We all learn that we will like only some people. The rest we will either dislike or be indifferent. Some of those we like will be friends. The others…well, we may have to discover ways to minimize contact.
Family is different though. It’s often difficult or impossible to avoid social contact with toxic family members. here may be serious reasons to dislike and avoid them, even mothers, fathers, and siblings. There’s nothing morally wrong with that.
Yet a lot of my clients feel guilty for not maintaining contact with close relatives. “Blood is thicker than water” is the mantra that comes to mind. There exists a misconception that we can always depend on family or that love implies being a doormat for their unreasonable demands. This is codependence based in shame, not a healthy interdependence with clear boundaries.
As a priest I heard plenty of stories from people in that predicament. Decades of parental or sibling, or child toxicity wore down those who were trying to do the right thing and get out from under the control they felt. They often cited the biblical command: “Honor your father and your mother.” This has often been misinterpreted to mean a child must become a martyr to the dysfunction of parents, and vice versa.
There are many reasons to dislike family members, yet still love them. Addictions, abuse, toxic shaming (always feeling defective), control, bullying, anti-social habits, a lack of self-care, chronic illness, unemployment…these and many more issues generate anger, resentment, fear, and a lack of self-esteem in everyone involved.
Many people rationalize the situation: “No one is perfect. We all have our faults. He/she can’t help it. It’s a habit. I’m supposed to help them.” Most of the time such shame-based thinking only further victimizes and infantilizes everyone involved.
You can change your perspective:
1. Admit to yourself that you don’t like the person. It’s not morally wrong to dislike someone for reasons of your own. Be courageous and validate your own feelings. A professional therapist or life coach can help with this kind of truth-telling.
2. Disliking a parent, sibling, or child does not make you defective. If you feel guilty over such feelings, chances are it’s not guilt (I did wrong), but toxic shame (I am wrong/defective). Check into your experience to determine who imposed toxic shame on you when growing up.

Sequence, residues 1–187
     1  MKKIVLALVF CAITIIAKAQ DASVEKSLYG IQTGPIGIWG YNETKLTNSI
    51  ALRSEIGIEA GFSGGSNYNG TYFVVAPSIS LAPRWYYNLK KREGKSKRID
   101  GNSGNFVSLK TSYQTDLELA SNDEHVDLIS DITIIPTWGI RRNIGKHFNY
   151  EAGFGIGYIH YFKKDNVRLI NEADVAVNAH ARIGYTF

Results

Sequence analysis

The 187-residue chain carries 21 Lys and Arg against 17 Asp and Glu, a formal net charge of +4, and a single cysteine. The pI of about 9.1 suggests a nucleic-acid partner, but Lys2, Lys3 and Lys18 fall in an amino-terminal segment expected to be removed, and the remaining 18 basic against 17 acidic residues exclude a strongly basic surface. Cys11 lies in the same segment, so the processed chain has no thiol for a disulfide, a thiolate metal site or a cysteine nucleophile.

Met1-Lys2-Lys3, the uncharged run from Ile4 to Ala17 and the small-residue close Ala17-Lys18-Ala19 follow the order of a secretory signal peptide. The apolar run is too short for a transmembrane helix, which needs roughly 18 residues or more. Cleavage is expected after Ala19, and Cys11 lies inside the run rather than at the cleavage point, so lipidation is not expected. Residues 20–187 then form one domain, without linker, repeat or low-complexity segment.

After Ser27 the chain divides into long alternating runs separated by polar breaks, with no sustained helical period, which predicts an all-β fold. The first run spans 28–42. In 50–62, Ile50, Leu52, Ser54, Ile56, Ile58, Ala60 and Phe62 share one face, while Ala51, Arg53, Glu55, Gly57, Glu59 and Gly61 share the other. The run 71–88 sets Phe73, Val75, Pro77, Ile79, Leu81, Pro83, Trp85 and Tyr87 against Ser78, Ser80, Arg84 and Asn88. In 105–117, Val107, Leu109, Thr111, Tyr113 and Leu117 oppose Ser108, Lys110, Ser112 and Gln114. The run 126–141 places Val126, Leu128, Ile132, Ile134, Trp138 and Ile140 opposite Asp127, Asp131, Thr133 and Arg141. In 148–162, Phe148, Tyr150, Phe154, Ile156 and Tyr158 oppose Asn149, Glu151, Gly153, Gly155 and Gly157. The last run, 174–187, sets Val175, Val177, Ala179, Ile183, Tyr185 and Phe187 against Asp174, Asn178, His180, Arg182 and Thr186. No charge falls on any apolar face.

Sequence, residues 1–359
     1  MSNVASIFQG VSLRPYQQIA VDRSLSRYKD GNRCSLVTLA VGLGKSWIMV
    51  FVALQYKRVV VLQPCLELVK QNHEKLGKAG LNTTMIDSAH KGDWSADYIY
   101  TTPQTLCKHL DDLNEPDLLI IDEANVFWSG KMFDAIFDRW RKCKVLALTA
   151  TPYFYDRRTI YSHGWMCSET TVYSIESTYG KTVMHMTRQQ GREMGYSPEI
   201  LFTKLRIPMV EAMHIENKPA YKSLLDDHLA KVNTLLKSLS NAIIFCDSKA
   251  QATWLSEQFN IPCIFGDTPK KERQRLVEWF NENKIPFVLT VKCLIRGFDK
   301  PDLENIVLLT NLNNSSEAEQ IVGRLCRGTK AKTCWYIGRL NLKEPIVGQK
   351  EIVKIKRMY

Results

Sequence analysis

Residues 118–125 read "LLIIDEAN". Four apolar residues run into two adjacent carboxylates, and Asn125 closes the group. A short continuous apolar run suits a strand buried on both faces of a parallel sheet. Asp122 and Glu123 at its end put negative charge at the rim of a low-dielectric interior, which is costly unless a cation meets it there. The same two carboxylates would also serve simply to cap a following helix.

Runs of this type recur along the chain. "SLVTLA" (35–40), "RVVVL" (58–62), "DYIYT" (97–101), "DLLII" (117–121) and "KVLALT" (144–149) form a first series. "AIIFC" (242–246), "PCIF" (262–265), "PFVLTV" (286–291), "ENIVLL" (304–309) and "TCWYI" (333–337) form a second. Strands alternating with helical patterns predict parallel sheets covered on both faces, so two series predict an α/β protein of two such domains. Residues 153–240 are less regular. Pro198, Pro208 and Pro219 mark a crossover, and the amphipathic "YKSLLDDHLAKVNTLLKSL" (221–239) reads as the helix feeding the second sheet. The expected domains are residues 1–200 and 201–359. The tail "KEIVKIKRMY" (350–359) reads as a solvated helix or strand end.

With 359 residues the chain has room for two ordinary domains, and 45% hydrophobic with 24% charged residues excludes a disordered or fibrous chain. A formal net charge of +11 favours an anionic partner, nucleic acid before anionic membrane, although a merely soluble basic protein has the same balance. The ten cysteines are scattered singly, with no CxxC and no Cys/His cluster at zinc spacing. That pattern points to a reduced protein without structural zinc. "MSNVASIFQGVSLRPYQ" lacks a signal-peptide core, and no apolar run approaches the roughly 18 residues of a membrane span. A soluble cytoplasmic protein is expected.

3. Say what it is about the person specifically that you don’t like, without judging yourself. “I really dislike the way she expects me to be perfect. I hate that he abused me as a child. I am depressed for being bullied in school.”
4. Clarify your values and boundaries to discover how they’ve been violated. Accept the fact that you will not change the toxic person. Let go of the emotional hold he/she/they have on you. Resist the temptation to feel like a victim.
5. Forgive yourself for not being perfect, for not being able to fix the other person, for not being the “perfect” child, spouse, parent, or sibling. Feel the regret and sadness and let them go. Separate your emotional reactions from the bad behavior. This takes lots of practice.
6. Hold fast to your boundaries. If the toxic person attempts to cross them, be clear and firm. Give them the message that things have changed. Reclaim your life, your time, your home, your possessions, and your need for safety.
7. Try not to judge. No one deals effectively with everyone else’s issues, especially toxic ones. You may need to call in help from family members or professionals to assess and aid the situation. This is especially true when adult children are caring for infirm parents or children with whom they are having toxic experiences.
8. You don’t have to be friends. Family members are not always as close as other friendships. Making peace with this reality does not compromise our love. It just readjusts how best to give and receive love.
So how do you learn to like toxic relationships? Ultimately, it’s a about self-care, liking yourself enough to change your behavior. Eventually you may even begin to appreciate the good even in toxic personalities. You may even forgive them and yourself and know that it’s best to keep your distance from them.
When you neglect your needs for the sake of others, you’re only becoming a martyr or a victim to a useless cause. You may believe that your ‘reward’ will come later, but in the meantime, you’re driving yourself to distraction by trying to change the unlikeable people in your life. And sometimes, for the sake of our own emotional health, it’s best to walk away without looking back.
Need to talk? I’m here for you. firstname.lastname@example.org or text me at 813-449-3904
My book can help: Life Interrupted: Taking Charge After Everything Has Changed
Excellent article, Michael. Thank you for some very helpful suggestions and tools to use.